lunes, 20 de febrero de 2012

From Cairo to Cape Town - A Home To Head For by Eric Olverson

A Home To Head For is something of a marathon, not for the reader, but for the author, Eric Olverson. To be accurate, Eric’s tale is significantly more than a literal marathon, about twelve thousand kilometres more, in fact, because Eric’s tale describes how he cycled the length of Africa.

Tour d’Afrique (TDA for short) is an outfit that assists those wanting to cycle a long way – a very long way. Starting in Cairo, Egypt, their route heads south via Sudan, Ethiopia, Kenya, Tanzania, Malawi, Zambia, Botswana and Namibia before reaching its destination of Cape Town in South Africa. Eric Olverson’s handlebar-mounted computer recorded a distance of 12,009 kilometres – including a detour or lost route or two along the way – which, in any language or circumstance, is a long way. It’s even further when much of it is across desert, or on dirt roads strewn with stones and pocked with potholes. In Eric’s case, the achievement goes way beyond even this.

Eric embarked upon the four month endeavour at the age of 59, having recently been seriously ill with bacterial meningitis and having lost bladder function as a result, causing him to require the use of catheters. If such facts are offered as detail, one must conclude that Eric must have been intensely motivated even to consider the challenge of cycling the length of Africa. And the fact that the motivation was to assist something outside of an unrelated to himself adds sincere respect to the awe felt at his achievement.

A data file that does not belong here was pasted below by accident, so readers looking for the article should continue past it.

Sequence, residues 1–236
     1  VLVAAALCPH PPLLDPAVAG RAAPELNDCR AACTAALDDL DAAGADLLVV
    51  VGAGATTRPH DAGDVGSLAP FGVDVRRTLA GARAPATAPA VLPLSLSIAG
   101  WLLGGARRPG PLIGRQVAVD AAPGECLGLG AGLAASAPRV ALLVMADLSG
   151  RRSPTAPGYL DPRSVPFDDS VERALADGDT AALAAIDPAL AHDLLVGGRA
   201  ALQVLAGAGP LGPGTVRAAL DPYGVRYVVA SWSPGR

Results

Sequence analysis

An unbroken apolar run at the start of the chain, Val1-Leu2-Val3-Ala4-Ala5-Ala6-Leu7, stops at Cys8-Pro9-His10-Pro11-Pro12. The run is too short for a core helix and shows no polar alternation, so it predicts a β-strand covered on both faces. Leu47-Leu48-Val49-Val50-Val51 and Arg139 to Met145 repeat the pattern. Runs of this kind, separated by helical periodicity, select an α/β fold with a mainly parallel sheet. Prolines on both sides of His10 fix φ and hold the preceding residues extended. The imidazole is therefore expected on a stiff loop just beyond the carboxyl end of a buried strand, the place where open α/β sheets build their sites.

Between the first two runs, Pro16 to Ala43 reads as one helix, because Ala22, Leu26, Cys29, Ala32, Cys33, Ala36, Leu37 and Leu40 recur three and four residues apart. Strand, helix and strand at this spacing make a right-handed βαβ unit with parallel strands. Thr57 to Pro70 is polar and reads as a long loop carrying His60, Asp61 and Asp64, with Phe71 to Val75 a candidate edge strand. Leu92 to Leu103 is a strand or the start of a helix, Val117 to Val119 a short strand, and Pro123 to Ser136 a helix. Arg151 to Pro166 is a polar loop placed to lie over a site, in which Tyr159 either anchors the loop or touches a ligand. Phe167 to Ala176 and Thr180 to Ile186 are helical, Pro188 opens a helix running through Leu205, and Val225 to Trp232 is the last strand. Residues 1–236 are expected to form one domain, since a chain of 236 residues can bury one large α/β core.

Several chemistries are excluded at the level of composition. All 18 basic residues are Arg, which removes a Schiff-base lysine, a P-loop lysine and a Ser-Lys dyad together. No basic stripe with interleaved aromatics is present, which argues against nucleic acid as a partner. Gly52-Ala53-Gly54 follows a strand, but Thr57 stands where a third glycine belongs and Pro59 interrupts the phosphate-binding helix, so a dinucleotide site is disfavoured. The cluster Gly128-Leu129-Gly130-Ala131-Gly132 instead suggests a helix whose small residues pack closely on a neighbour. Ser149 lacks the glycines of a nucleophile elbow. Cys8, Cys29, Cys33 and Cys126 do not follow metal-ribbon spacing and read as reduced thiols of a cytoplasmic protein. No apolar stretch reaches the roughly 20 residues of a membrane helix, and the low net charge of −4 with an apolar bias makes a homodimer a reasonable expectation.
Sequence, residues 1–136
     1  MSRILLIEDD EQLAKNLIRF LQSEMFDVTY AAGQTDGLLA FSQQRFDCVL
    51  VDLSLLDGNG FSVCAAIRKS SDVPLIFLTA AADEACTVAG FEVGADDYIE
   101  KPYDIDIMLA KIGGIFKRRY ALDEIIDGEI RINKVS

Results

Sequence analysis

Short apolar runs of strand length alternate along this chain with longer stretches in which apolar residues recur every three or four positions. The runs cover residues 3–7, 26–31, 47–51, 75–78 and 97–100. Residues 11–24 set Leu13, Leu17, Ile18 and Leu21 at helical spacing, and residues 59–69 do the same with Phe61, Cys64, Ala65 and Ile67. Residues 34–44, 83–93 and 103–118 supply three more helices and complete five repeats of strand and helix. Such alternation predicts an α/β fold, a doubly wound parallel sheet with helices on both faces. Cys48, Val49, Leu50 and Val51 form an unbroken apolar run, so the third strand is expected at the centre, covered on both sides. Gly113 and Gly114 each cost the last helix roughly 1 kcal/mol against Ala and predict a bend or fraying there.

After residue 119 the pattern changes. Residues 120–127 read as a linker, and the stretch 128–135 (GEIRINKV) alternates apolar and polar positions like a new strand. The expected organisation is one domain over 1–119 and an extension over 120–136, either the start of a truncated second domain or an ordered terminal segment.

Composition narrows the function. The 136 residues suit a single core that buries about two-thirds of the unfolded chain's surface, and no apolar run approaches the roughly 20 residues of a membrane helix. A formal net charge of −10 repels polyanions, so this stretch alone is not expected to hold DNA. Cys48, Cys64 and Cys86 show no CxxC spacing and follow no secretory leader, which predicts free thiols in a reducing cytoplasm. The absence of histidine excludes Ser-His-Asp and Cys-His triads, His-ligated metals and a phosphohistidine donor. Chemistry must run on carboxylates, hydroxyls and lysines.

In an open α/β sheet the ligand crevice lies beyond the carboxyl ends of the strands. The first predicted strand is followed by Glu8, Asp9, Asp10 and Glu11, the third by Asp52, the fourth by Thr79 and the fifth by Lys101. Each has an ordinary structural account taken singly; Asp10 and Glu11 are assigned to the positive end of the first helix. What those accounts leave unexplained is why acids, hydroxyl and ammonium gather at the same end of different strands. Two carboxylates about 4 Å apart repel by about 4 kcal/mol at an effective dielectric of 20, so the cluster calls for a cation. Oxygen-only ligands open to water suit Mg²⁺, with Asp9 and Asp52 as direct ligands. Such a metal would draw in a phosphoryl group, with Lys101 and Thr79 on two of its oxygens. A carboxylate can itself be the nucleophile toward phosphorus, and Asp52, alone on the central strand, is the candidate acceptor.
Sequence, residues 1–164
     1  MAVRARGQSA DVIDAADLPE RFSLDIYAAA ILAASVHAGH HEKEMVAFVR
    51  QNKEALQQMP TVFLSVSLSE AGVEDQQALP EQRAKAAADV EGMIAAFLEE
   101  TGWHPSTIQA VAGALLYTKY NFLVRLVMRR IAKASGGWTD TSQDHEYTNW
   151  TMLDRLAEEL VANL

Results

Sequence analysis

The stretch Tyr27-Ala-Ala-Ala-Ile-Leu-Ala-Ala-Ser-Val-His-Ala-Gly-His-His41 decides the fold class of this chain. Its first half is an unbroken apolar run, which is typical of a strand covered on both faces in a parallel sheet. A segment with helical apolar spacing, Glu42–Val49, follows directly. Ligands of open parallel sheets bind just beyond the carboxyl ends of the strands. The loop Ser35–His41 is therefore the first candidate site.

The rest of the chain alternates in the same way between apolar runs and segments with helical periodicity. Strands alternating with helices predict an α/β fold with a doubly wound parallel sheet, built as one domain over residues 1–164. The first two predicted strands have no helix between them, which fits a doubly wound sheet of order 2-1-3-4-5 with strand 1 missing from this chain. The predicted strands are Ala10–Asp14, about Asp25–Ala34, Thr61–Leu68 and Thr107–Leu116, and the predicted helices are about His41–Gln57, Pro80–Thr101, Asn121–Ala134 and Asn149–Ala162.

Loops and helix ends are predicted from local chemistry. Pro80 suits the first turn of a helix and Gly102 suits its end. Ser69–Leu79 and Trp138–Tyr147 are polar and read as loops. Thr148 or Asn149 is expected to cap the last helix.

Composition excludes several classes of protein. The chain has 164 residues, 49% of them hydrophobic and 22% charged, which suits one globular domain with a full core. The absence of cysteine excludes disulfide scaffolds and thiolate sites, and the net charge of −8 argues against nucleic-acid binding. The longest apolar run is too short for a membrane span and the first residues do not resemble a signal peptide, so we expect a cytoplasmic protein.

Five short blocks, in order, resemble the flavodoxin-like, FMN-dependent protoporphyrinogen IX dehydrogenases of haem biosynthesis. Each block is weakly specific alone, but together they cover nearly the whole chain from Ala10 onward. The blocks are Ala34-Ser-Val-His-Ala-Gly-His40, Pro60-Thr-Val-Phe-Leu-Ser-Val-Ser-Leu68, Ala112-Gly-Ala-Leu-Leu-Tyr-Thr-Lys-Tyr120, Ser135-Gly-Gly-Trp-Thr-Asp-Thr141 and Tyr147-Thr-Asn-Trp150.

The motivation came from a desire to raise funds for a children’s home called Thamsanqa in Motherwell in South Africa’s Eastern Cape. Eric visited in 2008, was impressed with what he saw and resolved to assist. Already a keen cyclist, a devotee of the mountain roads near his home in Spain, Eric latched onto the idea of a sponsored bike ride. And it’s not many of those that cover 12,000 kilometres! So, along with numerous other enthusiasts, and under the assisting wing of TDA, a company specialising in such cycling “holidays”, Eric set off from Cairo in a generally southerly direction.

The trip was organised so that the riders covered up to 200 kilometres a day, were generally fed from a support vehicle that preceded them and camped in recognised camp sites, sometimes associated with small hotels. Eric Olverson’s book, A Home To Head For, and his blog, ericonhisbike, are accounts of his trip. Indeed, anyone buying the book also donates to the Thamsanqa orphanage.

A Home To Head For is not a travel book. Nor is it a description of Africa as experienced as it was cycled. Neither, really, is it aimed at the cycling enthusiast keen to learn the detail of the challenge. In some ways it is more than any if these. The book is a tale of determination, Eric´s insistence on completing the task to the best of his ability. That he rarely allows doubt or low moments into the text is merely a reflection of how focused he remained on his challenge.

There was elation at the end, but relief too. Eventually, Eric was not one of the racers, but neither was he one of the tourists. By Cape Town, the reader has appreciated how much how much he wanted to do this trip and the determination he felt to see it through to completion. Don’t expect philosophising or much reflection, since in the four months there seemed to be little time for either. But do expect to feel the effort, even from your armchair, because Eric’s writing does communicate the experience. It was some achievement, and for a good cause.

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